When a change in law or policy harms us, we may feel powerless and discarded, unworthy of love. Experiencing that helps us empathize with the suffering of others. We may feel heartbroken when we see people so battered by circumstances and lack of opportunity that they feel that they have nowhere to turn. And we may feel a deep love for the planet, and recent actions to discredit climate change might be the cause of our anxiety.
In that way love presents itself as risk, as it often does when you love another. The love you feel causes you to care deeply and when you do, you may take on some of the hurt that your beloved feels. Love can also protect you. It is love that is the point of contact for how much we care about what happens to ourselves as well as those around us.
When Jeanine and I talked about this she was at first resistant to protecting herself. She saw that as selfish and weak when so much she cared about was at stake. I agreed that it was important to stay engaged, but I asked her to consider how her fixation on the news sapped her from taking actions to oppose what upset her.
She began the day in a state of agitation and was exhausted by the time she came home and then watched more news before she went to bed. Where was the time in her day to take care of herself? Where was the energy and focus to break this grip on what was happening outside of the world she could affect, so that she could choose to act to stop the initiatives she opposed?
I suggested that she place the phone in another room and use an alarm clock to wake up in the morning. That way she would have to make a conscious decision when she admitted the world in. Jeanine, acting like an addict, said she couldn’t possibly do that because she needed to know immediately. As she said that, she started to laugh at how exaggerated her reaction was. “I’m not the Secretary of State!” she said.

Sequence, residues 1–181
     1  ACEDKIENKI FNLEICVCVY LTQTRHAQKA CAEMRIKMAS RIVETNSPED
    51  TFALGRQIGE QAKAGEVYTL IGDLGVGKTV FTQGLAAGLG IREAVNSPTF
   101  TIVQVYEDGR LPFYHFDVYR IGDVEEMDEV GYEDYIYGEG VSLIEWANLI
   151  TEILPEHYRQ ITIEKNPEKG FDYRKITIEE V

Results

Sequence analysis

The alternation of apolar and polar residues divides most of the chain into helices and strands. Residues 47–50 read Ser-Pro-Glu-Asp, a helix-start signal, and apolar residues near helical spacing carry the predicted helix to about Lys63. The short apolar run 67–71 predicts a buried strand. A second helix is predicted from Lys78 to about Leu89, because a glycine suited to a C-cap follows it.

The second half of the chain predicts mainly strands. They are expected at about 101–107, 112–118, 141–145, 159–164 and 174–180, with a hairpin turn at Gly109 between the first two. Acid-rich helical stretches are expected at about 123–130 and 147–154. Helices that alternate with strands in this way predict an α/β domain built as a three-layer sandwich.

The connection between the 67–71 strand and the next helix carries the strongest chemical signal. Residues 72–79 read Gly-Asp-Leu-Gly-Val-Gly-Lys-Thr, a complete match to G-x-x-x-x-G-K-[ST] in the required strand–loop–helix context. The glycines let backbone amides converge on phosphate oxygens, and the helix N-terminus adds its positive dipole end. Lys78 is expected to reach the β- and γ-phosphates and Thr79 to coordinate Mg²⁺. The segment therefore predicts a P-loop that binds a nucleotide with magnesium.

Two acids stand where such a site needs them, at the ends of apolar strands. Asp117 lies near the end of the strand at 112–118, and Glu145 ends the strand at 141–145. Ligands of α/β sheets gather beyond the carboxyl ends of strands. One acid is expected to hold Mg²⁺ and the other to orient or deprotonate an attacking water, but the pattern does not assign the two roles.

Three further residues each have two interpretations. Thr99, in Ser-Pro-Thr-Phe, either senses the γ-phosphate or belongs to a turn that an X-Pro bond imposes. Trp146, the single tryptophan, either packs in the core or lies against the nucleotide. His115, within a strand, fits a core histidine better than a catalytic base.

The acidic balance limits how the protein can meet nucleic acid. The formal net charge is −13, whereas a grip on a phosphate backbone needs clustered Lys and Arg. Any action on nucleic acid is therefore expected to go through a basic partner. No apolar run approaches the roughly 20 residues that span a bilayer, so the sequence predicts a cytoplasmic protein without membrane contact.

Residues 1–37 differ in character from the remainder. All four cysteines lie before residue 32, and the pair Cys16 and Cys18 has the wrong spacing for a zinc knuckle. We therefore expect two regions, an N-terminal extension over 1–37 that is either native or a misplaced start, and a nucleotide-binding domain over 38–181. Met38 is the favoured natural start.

She decided she’d try to restore her former morning routine of getting up, stretching, putting on some music, and taking a shower. In her bathrobe, she’d make a cup of tea. After that half hour had passed, she could decide if she wanted to check the news on her phone. The news would not control her day and her mood if she remembered to create a boundary around it.
It is less than a year since the election and many people I speak with are already exhausted and hopeless, thinking of giving up because their constant state of alarm is debilitating and discouraging. I have compassion for that exhaustion and feeling of futility — I’ve been there. Yet I also believe that we can be energized by love.
Finding common ground with others who share our values and taking collective actions that express those strongly held beliefs reminds us of the good in the world and the good in others. If we allow the bad news to be the only news we hear, we may give up the fight, which would be the most debilitating of all actions. The best way to stay engaged is to make a choice when and how to do so — and to do so from a balanced stance of love for ourselves and love for the world, at the nexus where we can draw those two together in actions that connect both.